Monday, March 16, 2015


Confessions Of A Hit ManConfessions Of A Hit Man by Richard Godwin
My rating: 5 of 5 stars

(Reviewer's note - My review does not show as a 'verified purchase' on Amazon because my review copy was a gift from the author. This in no way has any bearing on my review. Those who know me know that I will not review a book I have not read, nor can I be induced to provide a review that is not honest. Thank you. vmls) 

Richard Godwin brings in Confessions of a Hit Man, not a psychopath... the protagonist 'type' that predominates much of his work (The Apostle, Mr. Glamour, Meaningful Conversations, and a good body of his shorter stories)... but a character who is both more human and humane.

A point Richard makes in all of his stories, besides the more obvious ones relevant to a particular tale, is that we... regardless of class or upbringing... all have more than a tinge of sociopathy to our psychological make-up. We are all to some degree 'damaged'. Even the much-written 'everyman', humankind's 'anti-hero hero'.

In Confessions of a Hit Man, Richard's protagonist, Jack is no exception. Ex-Royal Marine commando (someone, I can't recall who now, once said that anyone who serves in the military, for patriotic or other reasons, is a sociopath. To a lesser degree than some, but sociopathic, nonetheless), Jack has a 'skill set' that makes him well-suited for a person whose 'life-view' has been altered by the realities of the world, but who still believes in certain fundamental principles of a civilised and progressive society.

Jack tells himself at first that it - the 'hit' - will be only the once and that the ends justify the means. Jack has, you see, an underlying philosophy. He believes in justice more than he believes in the law. He sees justice as black and white, and the law as having shades of grey. Paedophile, necrophile, murderer, sadists, psychopaths all... may have escaped the long arm of the law, but they'll soon enough meet their maker. Jack, you see, doesn't follow the 'niceties' of the law. And with each hit, Jack's proficiency only grows, adapting to each new situation as needed.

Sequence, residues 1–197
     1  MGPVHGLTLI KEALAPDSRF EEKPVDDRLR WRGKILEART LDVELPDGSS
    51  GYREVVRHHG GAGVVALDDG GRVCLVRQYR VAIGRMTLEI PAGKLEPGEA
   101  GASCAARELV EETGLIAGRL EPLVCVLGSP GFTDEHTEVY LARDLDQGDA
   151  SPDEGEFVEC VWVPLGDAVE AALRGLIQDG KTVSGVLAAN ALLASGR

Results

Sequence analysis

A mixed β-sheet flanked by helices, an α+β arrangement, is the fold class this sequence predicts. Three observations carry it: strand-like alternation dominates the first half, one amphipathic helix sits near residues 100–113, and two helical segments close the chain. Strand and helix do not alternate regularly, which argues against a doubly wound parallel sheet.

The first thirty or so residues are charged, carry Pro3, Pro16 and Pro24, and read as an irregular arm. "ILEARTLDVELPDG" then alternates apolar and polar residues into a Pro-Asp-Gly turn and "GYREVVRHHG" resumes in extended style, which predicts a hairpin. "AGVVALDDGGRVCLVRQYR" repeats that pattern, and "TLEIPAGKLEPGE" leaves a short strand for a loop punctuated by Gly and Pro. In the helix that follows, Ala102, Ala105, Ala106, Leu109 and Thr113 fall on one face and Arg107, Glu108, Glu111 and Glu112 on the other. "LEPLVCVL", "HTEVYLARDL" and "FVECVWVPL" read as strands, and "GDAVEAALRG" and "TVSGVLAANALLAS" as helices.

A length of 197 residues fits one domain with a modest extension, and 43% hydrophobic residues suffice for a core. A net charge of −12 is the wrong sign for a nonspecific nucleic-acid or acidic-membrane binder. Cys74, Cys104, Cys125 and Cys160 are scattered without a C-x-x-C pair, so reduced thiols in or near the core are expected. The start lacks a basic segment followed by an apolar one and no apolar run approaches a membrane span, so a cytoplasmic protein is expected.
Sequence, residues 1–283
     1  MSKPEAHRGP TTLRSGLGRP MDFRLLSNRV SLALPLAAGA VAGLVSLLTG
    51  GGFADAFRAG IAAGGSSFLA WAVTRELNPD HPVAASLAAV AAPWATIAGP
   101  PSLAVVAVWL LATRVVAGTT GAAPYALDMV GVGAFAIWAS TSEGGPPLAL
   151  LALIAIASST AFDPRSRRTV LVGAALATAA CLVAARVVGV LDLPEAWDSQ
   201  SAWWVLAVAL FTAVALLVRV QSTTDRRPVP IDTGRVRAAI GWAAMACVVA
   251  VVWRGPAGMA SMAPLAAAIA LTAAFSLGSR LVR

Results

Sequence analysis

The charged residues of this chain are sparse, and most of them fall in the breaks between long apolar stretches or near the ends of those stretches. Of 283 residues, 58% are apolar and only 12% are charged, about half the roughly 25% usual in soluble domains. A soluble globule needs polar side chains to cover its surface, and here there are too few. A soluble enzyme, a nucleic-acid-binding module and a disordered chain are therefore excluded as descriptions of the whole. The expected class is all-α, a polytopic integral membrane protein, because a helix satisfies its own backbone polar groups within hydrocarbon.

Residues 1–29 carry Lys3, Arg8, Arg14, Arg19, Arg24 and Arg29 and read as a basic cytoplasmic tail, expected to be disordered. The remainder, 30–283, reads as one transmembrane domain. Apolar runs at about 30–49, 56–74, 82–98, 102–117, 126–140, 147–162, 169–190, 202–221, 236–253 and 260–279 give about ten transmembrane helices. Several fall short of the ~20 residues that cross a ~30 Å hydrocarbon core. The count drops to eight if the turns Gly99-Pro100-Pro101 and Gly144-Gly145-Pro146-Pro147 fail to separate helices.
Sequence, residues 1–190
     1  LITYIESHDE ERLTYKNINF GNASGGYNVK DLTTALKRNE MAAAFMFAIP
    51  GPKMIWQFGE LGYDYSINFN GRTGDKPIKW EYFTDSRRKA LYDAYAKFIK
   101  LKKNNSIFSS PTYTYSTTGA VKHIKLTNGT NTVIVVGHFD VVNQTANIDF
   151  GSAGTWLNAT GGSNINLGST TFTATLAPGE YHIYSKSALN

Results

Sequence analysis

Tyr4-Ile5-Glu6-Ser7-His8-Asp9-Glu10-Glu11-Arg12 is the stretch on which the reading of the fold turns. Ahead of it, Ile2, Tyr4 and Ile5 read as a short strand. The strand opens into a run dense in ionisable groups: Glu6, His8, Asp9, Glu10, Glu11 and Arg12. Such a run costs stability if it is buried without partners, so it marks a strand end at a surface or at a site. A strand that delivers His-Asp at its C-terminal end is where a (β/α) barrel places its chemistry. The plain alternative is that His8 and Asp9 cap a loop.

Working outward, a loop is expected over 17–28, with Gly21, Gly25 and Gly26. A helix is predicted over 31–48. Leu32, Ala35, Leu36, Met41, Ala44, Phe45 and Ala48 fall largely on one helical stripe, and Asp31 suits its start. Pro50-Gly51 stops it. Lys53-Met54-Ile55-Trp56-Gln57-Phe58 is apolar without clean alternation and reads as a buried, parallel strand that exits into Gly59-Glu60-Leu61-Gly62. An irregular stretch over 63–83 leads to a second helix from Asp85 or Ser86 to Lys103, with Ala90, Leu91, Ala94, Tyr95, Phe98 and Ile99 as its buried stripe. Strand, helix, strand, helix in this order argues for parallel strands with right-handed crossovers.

But, unfortunately, Jack and his little 'enterprises' have not escaped the attention of some very corrupt people in very high places. And when a woman, the first in a long, long time that has touched a place in Jack's heart he had thought lost forever... things get more a bit complicated for Jack. Dames will do that.

Confessions of a Hit Man is told in first-person narrative (Richard 'humanizing' a character some would consider a monster), a narrative that is tight and well-written, fast-paced and brilliant. Richard's writing, with its plots and sub-plots running like a fine-tuned engine, pulls the reader in immediately and keeps them there throughout, often at breakneck speed, building the suspense in true Godwin fashion.

With his characteristic wit, turn-of-phrase, and insight to the human condition, Richard brings to his audience another sure 'hit', if you'll pardon the pun. His spot-on psychology of a professional assassin does make one wonder though. When he's not writing, what exactly does Mr. Godwin do with himself? Hmmmm...

Once again, Richard Godwin brings his imprimatur to that dark place known as noir... and the reader is not disappointed!  I recommend this book without reservation!

Thank you,

Veronica Marie Lewis-Shaw
(Writing under a large mushroom, somewhere in the Pacific Northwest)

View all my reviews